Last edited by freethinkr; 04-16-2017 at 06:15 PM.
    Member, FPC - https://www.firearmspolicy.org/join/ - https://www.firearmspolicy.org/act/
    CZ-52 (Česká Zbrojovka vzor 52), M44 Russian w/Brass Stacker, & drillpressing out 80percenters
    New business close to launch [2017].

  27. #26
    Join Date
    Jan 2010
    Location
    Midland Michigan
    Posts
    3,191

    Default

    And to think that I paid 39.95 for my unrefurbed SA marked 1934 Hex Izzy, and 1941 Izzy in 1996.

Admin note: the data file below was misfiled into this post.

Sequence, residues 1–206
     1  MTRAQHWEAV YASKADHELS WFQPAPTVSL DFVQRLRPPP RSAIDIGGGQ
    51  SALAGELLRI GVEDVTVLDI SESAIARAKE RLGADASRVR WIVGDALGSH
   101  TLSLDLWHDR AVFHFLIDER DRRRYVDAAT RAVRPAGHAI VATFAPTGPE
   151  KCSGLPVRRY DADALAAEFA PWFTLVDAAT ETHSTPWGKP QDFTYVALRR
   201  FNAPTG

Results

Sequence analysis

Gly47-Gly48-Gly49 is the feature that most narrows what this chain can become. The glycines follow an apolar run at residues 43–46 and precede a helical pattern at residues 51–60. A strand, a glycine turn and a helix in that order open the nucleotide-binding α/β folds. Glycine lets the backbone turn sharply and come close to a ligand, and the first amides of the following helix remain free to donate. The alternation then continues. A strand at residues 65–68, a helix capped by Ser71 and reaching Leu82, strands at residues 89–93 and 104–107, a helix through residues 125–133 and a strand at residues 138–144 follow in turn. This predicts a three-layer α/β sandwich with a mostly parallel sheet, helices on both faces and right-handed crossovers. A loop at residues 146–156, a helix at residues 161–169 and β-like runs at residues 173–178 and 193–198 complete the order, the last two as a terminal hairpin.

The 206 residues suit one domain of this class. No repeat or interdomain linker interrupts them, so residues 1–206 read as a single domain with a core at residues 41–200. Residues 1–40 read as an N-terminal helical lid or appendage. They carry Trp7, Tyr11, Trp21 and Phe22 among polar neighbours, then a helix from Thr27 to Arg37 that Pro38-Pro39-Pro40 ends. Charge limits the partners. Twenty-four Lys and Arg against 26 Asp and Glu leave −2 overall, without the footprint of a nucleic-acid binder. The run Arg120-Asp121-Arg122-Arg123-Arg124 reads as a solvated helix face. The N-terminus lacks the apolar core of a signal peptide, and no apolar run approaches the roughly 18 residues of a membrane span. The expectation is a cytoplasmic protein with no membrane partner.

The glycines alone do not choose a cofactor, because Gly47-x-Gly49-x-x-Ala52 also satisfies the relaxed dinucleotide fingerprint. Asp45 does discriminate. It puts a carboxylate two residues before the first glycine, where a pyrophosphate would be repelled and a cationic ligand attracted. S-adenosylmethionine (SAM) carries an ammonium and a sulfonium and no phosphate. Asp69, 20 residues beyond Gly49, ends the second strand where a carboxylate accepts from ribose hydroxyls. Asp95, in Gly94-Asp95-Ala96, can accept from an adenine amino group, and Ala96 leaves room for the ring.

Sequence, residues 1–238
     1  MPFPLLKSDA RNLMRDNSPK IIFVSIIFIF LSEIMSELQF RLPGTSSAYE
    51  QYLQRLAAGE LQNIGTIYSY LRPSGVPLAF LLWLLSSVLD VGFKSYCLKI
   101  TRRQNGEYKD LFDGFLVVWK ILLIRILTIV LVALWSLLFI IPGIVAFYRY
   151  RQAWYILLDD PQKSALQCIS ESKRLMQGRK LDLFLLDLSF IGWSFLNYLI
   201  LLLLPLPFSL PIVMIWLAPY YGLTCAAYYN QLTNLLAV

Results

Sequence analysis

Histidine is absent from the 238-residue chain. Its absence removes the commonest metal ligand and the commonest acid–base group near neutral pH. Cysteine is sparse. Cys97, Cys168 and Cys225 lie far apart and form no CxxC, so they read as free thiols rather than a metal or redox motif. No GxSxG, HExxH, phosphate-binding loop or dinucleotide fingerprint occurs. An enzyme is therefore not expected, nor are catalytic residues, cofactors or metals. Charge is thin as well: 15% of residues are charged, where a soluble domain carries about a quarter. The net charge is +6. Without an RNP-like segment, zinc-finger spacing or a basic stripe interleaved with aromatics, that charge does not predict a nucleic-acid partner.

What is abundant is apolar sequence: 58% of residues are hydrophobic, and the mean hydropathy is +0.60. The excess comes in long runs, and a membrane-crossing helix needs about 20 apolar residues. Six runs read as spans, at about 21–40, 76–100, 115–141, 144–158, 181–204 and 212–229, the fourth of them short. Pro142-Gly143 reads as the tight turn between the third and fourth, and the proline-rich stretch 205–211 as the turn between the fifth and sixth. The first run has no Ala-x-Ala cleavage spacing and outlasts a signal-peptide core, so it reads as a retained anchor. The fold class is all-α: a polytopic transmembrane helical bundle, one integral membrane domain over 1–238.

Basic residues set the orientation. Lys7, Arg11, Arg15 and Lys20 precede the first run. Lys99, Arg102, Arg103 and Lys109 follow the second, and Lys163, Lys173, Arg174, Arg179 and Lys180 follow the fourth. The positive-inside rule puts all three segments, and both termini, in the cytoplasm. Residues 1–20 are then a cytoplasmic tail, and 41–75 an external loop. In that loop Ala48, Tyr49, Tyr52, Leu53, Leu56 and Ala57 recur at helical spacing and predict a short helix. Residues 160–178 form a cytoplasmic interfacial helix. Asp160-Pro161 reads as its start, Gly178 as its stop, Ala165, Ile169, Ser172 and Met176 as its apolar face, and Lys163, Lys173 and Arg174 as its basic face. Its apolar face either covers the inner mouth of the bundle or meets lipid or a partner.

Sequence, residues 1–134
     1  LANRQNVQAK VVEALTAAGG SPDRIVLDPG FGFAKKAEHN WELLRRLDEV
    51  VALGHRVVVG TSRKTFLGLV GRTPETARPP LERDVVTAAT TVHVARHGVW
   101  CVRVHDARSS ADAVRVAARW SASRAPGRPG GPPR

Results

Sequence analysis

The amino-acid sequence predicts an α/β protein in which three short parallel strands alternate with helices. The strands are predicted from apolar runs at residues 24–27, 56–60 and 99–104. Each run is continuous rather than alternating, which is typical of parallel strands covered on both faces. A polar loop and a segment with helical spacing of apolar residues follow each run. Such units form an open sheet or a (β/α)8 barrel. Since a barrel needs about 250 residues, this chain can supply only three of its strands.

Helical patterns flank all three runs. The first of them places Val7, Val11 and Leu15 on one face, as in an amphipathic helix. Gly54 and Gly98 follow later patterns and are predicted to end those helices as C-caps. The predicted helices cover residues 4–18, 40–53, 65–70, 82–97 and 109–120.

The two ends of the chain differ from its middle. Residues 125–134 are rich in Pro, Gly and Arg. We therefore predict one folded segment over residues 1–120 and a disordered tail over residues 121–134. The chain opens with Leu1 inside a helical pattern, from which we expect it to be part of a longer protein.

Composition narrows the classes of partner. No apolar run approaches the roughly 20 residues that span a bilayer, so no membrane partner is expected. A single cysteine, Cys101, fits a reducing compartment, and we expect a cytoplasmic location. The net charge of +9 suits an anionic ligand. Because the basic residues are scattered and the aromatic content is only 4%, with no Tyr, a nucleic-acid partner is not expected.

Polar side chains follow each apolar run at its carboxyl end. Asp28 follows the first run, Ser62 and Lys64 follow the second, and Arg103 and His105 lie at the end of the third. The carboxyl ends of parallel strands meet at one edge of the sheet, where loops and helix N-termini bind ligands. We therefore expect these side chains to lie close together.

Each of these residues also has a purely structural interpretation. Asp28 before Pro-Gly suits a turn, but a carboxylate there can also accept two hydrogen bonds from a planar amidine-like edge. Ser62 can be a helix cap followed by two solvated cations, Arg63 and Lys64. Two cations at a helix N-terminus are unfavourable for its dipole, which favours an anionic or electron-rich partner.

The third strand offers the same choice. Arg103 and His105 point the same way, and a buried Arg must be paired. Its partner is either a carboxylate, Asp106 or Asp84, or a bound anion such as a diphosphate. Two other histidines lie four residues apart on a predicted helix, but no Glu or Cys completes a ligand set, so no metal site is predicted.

Damn I miss those days !!

  28. #27
    Join Date
    Nov 2012
    Posts
    29

    Default

    Quote Originally Posted by panzerfaust44 View Post
    And to think that I paid 39.95 for my unrefurbed SA marked 1934 Hex Izzy, and 1941 Izzy in 1996.

    Damn I miss those days !!
    Those were the days... In my case the Finn Ski Trooper (M28) I sold which I mentioned above, had a SIG barrel (the barrel was made in 1928), with the RECEIVER MADE IN 1896, making it a fully functional ANTIQUE... plus it had matching bolt, barrel, CG district number, and so on.... SY and SA marked...

    Imagine trying to pick up a fully functional antique M28 (or Mosin 91/30, or M44) today (purchasing it intact as you would have found it in the field when these were originally used) for 40 or 50 bucks in the United States today. Impossible.